Empathy is the art of seeing the world as someone else sees it. When you have empathy, it means you can understand what a person is feeling in a given moment, and understand why other people’s actions made sense to them.

Empathy helps us to communicate our ideas in a way that makes sense to others, and it helps us understand others when they communicate with us. It is one of the foundational building blocks of great social interaction and, quite obviously, powerful stuff.

But how do you get empathy? How do you understand what someone else is feeling, if that isn’t happening automatically?

Well, to a certain extent we are all designed to naturally empathize with others. Our brains are wired to experience the emotions that someone else is feeling. That’s why we wince when someone hits their hand with a hammer, or why we’re more likely to laugh if someone else is laughing too. There’s an excellent book called Social Intelligence on this topic which explains all of the research behind this natural empathy.

Unfortunately, only a few people have excellent natural empathy. Our empathic wiring exists on a continuum. Some people have fantastic natural empathy, and can pick up how someone else is feeling just by looking at them. Some people have only a tiny amount of natural empathy, and won’t notice that you are angry until you start yelling. Most people lie somewhere in the middle, and understand how someone else is feeling only part of the time.

Fortunately, empathy is part talent and part training. Depending on your starting level of ability, getting better at empathy might require more or less work than someone else—but no matter what your starting point, you can teach yourself to be better at empathy.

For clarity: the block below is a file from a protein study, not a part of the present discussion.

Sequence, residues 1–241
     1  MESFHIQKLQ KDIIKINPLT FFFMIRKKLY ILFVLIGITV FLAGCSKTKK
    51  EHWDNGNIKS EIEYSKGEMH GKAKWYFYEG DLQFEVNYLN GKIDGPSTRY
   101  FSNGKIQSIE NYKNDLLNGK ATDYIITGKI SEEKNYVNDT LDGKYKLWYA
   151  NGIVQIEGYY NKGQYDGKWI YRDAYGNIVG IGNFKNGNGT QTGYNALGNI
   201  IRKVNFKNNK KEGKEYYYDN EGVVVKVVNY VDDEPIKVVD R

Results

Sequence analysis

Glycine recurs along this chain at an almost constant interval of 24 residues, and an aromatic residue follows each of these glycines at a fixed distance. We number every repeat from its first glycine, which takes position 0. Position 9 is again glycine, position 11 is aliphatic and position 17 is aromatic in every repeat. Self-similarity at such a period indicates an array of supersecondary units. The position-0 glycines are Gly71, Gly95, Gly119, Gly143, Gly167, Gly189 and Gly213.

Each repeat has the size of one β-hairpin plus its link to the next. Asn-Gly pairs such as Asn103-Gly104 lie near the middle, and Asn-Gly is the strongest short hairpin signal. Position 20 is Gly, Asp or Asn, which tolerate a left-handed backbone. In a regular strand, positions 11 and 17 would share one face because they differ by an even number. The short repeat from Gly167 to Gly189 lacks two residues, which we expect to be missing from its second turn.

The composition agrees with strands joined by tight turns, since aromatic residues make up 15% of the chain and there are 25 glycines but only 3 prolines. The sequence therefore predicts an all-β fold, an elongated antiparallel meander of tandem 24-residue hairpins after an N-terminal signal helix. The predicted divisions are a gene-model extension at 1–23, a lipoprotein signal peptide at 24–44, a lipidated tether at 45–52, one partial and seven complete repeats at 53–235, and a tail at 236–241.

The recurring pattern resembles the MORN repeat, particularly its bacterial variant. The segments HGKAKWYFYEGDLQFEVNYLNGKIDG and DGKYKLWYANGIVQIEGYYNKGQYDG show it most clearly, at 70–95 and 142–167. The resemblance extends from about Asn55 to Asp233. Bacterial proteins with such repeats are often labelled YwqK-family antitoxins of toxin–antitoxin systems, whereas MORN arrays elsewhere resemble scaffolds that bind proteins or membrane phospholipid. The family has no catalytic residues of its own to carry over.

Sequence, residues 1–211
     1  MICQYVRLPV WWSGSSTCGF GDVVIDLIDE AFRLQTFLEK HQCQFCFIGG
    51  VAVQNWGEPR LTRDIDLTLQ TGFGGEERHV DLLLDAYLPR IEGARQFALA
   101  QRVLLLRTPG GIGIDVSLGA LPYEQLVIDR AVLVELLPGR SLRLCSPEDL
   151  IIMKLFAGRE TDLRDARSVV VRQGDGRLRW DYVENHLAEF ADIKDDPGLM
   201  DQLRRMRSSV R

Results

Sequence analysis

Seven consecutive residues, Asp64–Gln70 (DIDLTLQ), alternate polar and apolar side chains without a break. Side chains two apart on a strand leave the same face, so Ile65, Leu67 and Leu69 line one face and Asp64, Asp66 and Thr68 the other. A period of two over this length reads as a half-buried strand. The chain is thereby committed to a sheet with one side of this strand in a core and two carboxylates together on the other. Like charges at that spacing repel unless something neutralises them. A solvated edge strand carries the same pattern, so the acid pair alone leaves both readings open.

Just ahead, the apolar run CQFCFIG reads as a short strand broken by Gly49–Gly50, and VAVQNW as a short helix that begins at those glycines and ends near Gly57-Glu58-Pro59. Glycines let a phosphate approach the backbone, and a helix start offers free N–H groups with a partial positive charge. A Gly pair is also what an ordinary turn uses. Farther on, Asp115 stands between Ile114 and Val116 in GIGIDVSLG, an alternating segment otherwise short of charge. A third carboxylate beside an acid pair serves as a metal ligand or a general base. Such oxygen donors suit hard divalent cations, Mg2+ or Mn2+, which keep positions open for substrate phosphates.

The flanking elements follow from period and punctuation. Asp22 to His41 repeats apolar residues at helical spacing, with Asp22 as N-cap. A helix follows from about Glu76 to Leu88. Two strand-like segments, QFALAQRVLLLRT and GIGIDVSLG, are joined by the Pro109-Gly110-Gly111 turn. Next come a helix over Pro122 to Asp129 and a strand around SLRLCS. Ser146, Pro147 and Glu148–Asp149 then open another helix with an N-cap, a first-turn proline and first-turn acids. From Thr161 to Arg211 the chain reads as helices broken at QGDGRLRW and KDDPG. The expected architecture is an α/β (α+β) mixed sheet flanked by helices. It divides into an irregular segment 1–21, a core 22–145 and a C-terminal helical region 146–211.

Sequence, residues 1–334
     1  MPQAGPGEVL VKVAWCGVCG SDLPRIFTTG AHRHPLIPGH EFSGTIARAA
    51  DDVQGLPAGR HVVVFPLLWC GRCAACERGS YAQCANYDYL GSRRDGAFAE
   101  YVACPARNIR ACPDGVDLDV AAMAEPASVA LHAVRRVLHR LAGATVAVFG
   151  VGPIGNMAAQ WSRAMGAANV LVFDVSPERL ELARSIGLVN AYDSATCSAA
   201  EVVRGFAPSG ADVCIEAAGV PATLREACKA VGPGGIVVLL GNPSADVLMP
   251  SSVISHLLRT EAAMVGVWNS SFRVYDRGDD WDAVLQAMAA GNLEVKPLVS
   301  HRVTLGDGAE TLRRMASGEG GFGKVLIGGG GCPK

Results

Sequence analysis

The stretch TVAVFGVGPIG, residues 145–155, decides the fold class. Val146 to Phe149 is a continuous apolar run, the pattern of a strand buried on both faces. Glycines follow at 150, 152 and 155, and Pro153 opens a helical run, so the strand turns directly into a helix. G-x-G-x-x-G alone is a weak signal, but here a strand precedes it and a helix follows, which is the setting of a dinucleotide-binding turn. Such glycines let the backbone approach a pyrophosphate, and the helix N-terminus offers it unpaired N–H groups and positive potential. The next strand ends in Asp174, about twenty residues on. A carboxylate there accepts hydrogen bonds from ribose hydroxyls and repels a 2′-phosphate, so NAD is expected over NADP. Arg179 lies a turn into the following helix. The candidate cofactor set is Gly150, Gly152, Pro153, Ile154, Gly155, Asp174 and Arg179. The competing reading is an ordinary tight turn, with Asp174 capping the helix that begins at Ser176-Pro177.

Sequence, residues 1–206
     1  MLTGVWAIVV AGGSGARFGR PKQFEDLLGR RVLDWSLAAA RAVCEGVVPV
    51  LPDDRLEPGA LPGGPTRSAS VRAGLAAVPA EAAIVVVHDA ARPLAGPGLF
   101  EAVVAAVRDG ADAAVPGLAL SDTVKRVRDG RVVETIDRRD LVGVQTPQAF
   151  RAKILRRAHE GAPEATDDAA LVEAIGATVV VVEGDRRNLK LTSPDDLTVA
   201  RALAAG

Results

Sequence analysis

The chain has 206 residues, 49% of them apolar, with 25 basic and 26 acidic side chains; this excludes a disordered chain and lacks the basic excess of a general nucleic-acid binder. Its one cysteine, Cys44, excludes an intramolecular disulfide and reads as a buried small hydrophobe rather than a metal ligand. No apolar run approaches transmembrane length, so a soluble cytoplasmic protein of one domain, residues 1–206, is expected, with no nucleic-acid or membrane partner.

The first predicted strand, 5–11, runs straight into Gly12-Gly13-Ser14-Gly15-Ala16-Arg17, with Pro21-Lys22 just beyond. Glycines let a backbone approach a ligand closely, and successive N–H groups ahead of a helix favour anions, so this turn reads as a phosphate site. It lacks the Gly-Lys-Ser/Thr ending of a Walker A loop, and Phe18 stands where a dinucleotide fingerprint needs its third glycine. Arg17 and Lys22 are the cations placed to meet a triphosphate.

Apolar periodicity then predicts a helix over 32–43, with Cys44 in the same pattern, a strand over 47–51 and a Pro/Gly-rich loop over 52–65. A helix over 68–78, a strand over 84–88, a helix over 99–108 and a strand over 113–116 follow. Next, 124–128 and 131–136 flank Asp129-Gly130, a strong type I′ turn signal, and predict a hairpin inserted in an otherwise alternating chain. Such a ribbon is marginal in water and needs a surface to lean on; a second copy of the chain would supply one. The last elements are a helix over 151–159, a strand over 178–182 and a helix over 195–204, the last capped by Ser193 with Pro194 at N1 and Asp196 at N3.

And this section is here to teach you how.

Empathy contains three lessons.

If you want to understand the emotions of others, you have to learn to empathize with yourself. Understanding Yourself was written to help you understand and accept your emotions. Understanding and accepting your own feelings is essential for a healthy life, and it’s the foundation of empathizing with others.

Through practice and a commitment to thoughtfulness, anyone can learn to understand how others are thinking and feeling. Understanding Others is the blueprint that shows you how.

 When you understand what someone else is thinking or feeling, it becomes easier to interact with them. But there’s a nonverbal aspect to interaction that deserves special attention. The knowledge you gain from empathy can help you to use appropriate nonverbal communication. Nonverbal Empathy explains how.